Migrants to start a Local Peace Committee

The ACTION Support Centre held a Local Peace Committee (LPC) workshop at Yeoville on the 6th of July, which was attended by students, academia, and government officials. Although there were few South Africans that attended, it was a very interesting workshop as everyone who was present participated actively in the exercises, particularly the Ubuntu exercise where the participants had to define and explain their own understanding of Ubuntu as Africans. One of the attendees said “Ubuntu is a set of human values that make humans to be a human being; it separates humans from animals”. This definition steered a discussion on Xenophobia attacks as to how are South Africans showing their human value of Ubuntu when they attack other human beings. Questions were raised on where is humanity when other humans are burnt alive? One of the Congolese citizens reminded the participants that all the fellow brothers and sisters seem to forget that Xenophobia is not only in South Africa and it did not begin here as foreigners are also under attack in many other countries. The point was to desist from such behaviour.

Simon Kobedi, the ASC team member, shared tools of conflict transformation and a very interesting story which was part of the exercise, which was a challenging one, but participants did very well. Some participants from foreign countries pleaded with South Africa to assist them so that they can reside together because in their own countries they are facing economic and political challenges. One student contributed that South Africa should be grateful and help foreign nationals because for them to enjoy the liberation struggle they have today it is because of other African countries that helped them during apartheid.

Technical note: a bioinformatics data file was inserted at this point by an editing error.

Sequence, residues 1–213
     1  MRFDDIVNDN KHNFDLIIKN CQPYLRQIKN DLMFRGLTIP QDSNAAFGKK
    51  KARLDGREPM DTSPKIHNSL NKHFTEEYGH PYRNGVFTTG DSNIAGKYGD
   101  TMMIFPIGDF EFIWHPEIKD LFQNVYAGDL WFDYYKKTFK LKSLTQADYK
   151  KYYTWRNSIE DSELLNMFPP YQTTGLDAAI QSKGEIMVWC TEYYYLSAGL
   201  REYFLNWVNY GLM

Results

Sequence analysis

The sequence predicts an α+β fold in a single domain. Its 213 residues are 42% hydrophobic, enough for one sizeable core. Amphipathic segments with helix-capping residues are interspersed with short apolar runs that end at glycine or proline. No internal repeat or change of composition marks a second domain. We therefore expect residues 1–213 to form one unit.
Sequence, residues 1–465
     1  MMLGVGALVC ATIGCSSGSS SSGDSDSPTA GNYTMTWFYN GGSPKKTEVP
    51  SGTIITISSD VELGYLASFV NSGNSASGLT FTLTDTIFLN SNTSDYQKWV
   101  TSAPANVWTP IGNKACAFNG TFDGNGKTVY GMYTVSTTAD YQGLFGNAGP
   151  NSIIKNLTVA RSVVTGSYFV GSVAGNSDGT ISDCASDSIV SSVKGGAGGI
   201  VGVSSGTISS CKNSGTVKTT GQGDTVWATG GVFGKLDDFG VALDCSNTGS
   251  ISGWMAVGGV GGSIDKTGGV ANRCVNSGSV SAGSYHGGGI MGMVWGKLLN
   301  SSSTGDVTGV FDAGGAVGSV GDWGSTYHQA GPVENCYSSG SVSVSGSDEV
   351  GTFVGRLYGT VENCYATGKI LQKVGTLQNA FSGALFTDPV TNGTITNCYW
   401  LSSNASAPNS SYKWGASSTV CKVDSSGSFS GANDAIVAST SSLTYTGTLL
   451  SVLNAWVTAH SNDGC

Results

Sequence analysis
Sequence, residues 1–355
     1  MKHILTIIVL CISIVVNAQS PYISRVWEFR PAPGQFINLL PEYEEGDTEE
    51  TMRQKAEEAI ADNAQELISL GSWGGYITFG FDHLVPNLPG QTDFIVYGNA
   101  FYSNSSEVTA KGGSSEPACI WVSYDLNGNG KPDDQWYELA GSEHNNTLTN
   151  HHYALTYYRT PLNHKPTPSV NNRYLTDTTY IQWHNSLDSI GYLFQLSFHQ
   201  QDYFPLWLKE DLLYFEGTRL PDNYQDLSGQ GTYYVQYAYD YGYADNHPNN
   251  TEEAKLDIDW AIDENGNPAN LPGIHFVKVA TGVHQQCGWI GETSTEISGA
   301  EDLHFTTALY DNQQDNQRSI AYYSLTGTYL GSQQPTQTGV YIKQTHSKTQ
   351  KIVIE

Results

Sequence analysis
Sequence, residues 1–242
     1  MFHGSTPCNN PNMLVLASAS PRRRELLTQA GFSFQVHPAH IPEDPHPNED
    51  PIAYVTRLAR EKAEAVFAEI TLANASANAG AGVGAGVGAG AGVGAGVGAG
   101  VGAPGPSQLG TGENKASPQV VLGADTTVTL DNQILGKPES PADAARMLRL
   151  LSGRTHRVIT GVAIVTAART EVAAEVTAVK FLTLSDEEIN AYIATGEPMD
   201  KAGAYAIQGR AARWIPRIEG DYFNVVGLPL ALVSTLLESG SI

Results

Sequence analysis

Language is usually a barrier for many migrants; and in South Africa the Zulu language is the dominant language. One group presented that South Africans sometimes assume that when you are black then you must know how to speak Zulu, they come and approach you using the Zulu language and when they realize that you do not speak Zulu, their approach and behaviour towards you changes and this kind of behaviour happens everywhere even when you go to a police station or hospital. Such institutions do not treat South Africans and migrants the same. At the discussion ACTION Support Centre was encouraged to have a French translator because some people who had attended the meeting did not even understand English.

A great concern by the participants who had attended and who were also migrants was that they were not sure of the difference they would make for them as foreigners if they joined an LPC in South African communities. However, the ASC member Pretty Mncube, assured migrants them that being part of the LPC will give migrants a voice to speak and communicate with other South Africans on how they can live in peace with each other and be able to tell their stories which could teach and help South Africans understand the reason why they come to South Africa. Moreover they will be able to get direct information from Government officials at Home Affairs because the LPCs work closely with the Home Affairs. This clarification gave them an understanding on why migrants would be an integral part of LPC. Lesson learnt was that migrants will also represent some of them in their communities and it also gave them hope that one day they will live in peace without fear in South Africa, after all they are brothers and sisters and Africa is their motherland.